“Everybody who is here tonight has reason to feel superior to everyone who is not here tonight,” says Letterman. Levon Helm is the musical guest. He’s 69, his voice is ruined and he’s dying. He launches into a cover of “Tennessee Jed” with a determination nobody would demand of him. Each verse sounds like it hurts, like it’s the last time his throat will succeed in opening. But he never loses the song. He gets through the whole thing, and it’s immense – more than a song, it’s a show of survival. You can’t quite imagine it happening on any other show.

It was the musical guests that always got through Letterman’s facade. You could tell when he really believed in a musician. It was that carefully understated “oh my God” that let you know he was on board with these people, and you should be too. And sometimes, with people like Levon Helm, it seemed be the only mission statement the show still had, after time had made routines out of everything else.

Half of my taste in music came from the record collections of relatives. The other half was from Letterman. His show was a constant reminder that there were still idiosyncratic, literate voices left in American music. And he proved a trustworthy guiding hand to me, a kid without much external stimuli who definitely liked the idea of music but had no idea “college radio” or “music criticism” or “scenes” even existed. For me, it was FM radio or Letterman. That was the entirety of known music culture.

That show gave me permission to enjoy country, folk, and historical music in general without feeling like a jackass. He allowed me to enjoy old performers. Performers without flash. He got me into Warren Zevon, who I would have otherwise known as the L.A. boy with the blond hair who did the werewolf song. I discovered countless Americana acts and felt justified in enjoying them. So many people who are now mainstays of my collection, that I’ve seen play in little old blues bars in towns you didn’t know booked concerts, I discovered through Letterman. Smart, gritty, unpretentious blue collar music that didn’t have a home anyplace else.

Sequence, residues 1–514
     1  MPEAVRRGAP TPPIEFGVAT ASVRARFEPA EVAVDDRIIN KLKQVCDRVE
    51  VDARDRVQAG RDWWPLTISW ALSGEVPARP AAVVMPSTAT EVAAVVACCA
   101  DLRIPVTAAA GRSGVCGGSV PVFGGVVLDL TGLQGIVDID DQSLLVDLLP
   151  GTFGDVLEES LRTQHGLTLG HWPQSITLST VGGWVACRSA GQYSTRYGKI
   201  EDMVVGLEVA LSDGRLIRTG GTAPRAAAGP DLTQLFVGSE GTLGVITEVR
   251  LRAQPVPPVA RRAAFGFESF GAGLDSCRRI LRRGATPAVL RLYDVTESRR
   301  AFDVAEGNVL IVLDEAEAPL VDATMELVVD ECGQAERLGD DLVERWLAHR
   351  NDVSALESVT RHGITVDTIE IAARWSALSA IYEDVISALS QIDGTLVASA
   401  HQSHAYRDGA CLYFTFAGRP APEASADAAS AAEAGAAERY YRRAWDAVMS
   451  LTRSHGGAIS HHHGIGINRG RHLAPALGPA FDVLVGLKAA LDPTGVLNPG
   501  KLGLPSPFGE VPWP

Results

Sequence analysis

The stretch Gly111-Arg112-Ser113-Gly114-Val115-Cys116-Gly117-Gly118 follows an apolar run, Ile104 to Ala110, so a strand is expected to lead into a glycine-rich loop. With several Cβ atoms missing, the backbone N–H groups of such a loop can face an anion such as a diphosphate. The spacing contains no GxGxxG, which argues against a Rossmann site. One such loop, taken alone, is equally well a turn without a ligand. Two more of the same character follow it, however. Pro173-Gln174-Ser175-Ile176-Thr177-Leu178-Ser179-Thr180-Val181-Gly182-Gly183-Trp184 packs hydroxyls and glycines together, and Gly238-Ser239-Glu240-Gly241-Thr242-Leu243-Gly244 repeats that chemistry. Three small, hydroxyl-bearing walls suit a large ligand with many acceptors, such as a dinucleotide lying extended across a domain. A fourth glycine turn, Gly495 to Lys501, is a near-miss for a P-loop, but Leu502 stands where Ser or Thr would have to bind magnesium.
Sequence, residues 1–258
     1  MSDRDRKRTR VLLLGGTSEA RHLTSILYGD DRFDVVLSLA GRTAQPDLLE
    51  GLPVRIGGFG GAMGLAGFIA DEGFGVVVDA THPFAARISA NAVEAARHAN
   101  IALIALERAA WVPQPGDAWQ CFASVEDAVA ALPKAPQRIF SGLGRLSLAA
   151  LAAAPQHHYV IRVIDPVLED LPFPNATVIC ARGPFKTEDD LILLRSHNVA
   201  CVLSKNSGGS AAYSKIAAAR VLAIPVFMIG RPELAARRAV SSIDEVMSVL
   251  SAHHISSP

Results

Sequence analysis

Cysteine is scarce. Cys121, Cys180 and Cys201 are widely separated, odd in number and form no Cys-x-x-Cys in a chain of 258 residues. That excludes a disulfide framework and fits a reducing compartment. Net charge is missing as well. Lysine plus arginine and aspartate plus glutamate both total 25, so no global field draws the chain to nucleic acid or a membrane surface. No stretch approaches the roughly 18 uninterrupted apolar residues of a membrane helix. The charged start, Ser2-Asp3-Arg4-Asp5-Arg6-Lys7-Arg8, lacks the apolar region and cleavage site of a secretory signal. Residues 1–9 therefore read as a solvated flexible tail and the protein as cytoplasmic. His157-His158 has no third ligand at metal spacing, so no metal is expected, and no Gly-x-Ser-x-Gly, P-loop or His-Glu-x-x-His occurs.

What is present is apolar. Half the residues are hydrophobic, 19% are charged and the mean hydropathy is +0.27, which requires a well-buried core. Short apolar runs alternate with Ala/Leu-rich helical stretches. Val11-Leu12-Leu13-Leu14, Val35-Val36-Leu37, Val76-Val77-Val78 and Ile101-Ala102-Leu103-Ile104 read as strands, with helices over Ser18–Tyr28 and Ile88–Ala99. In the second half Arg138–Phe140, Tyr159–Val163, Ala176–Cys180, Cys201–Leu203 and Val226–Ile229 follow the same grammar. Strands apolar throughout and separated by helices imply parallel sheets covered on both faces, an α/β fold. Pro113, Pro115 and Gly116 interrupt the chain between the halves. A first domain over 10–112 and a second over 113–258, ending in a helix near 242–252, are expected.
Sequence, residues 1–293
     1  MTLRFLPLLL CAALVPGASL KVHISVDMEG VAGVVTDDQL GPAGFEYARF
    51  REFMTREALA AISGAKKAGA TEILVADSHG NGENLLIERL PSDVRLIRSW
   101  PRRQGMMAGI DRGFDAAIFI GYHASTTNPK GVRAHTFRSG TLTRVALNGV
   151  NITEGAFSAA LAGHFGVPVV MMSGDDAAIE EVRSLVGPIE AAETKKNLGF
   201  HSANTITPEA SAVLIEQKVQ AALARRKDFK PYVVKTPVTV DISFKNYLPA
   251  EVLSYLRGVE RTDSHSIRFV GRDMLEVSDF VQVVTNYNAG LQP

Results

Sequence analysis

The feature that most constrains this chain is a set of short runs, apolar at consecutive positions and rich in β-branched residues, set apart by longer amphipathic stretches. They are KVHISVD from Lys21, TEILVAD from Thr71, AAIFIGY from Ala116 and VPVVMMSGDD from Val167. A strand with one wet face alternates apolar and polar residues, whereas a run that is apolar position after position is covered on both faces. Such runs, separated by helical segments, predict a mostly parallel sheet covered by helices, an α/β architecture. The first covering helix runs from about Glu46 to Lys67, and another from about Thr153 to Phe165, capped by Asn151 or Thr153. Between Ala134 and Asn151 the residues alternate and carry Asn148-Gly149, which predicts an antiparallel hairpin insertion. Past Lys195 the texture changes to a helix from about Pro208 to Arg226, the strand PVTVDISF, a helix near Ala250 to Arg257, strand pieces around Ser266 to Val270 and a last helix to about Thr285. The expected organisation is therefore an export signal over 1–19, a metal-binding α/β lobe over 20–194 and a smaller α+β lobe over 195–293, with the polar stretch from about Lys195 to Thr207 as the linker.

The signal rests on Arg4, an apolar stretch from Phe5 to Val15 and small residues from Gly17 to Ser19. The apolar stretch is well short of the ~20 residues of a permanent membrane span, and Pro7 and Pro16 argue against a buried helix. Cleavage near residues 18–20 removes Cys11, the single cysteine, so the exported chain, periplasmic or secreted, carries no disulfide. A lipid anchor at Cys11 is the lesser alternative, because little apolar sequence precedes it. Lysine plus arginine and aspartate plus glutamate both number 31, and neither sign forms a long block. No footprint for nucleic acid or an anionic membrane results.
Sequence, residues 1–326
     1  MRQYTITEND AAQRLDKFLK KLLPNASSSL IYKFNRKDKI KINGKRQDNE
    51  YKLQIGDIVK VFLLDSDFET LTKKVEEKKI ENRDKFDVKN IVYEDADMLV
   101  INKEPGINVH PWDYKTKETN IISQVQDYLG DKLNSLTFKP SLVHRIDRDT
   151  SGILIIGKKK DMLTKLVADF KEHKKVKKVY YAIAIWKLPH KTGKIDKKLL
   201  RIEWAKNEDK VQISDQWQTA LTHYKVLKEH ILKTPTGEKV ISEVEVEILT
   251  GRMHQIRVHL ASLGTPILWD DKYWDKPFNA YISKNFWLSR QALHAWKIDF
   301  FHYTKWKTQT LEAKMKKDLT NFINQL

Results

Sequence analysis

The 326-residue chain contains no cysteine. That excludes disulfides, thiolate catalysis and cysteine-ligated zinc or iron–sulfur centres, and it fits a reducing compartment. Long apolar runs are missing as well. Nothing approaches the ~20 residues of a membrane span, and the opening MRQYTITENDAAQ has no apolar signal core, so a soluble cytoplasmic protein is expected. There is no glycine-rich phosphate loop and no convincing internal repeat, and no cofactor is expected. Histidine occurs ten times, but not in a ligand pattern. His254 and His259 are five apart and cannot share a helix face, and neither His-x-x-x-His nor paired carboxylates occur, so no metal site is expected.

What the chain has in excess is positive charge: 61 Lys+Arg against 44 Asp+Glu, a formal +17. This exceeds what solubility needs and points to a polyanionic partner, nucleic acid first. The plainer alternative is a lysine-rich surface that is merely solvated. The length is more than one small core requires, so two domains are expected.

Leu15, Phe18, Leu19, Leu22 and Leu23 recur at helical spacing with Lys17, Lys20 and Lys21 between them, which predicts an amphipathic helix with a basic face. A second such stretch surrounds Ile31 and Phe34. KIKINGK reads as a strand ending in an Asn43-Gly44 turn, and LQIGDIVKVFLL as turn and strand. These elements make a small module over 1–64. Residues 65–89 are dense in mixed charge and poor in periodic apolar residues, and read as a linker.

Every once in awhile I’ll fall down some YouTube rabbit hole at 2 a.m. and find a chunk of Letterman’s legacy that will be quietly appreciated over a long period of time without ever being much discussed. For many musicians, especially those whose careers predated YouTube, their Letterman appearance constitutes the best live footage of their entire career. It’s almost uniformly the best shot, best sounding performance of one of their best songs. There is no better footage of Joe Strummer’s solo career than his Letterman episode. Warren Zevon’s visits are his only comprehensive live document. He did his songs more justice on Letterman than he did on his own albums. Even when he had cancer, he re-arranged “Mutineer” and made it the classic you couldn’t quite make out in the studio version.

Letterman always stayed exciting to me, even after the show settled into its comfortable groove of being bemused that it was still on the air, because there was always the chance I’d discover a musician I’d fall in love with immediately. When I watch any other televised music performances, I feel fortunate to see acts I already know getting some publicity, but the sense of discovery isn’t there. I don’t discover music through TV anymore. Letterman was the last guy who did that.

Now, rather than subject anyone to my predictable favorite Letterman performances, which is so predictable that it includes Bob Dylan’s version of “Jokerman” and omits Paul McCartney playing on that marquee, I figured I’d list some musical guests Letterman booked who aren’t around anymore. This list makes no attempt at being comprehensive. I just wanted to underline the fact that a whole bunch of music history played on that show. It’s worth underlining.

B.B. King

Ben E. King

Bo Diddley

Bobby Womack

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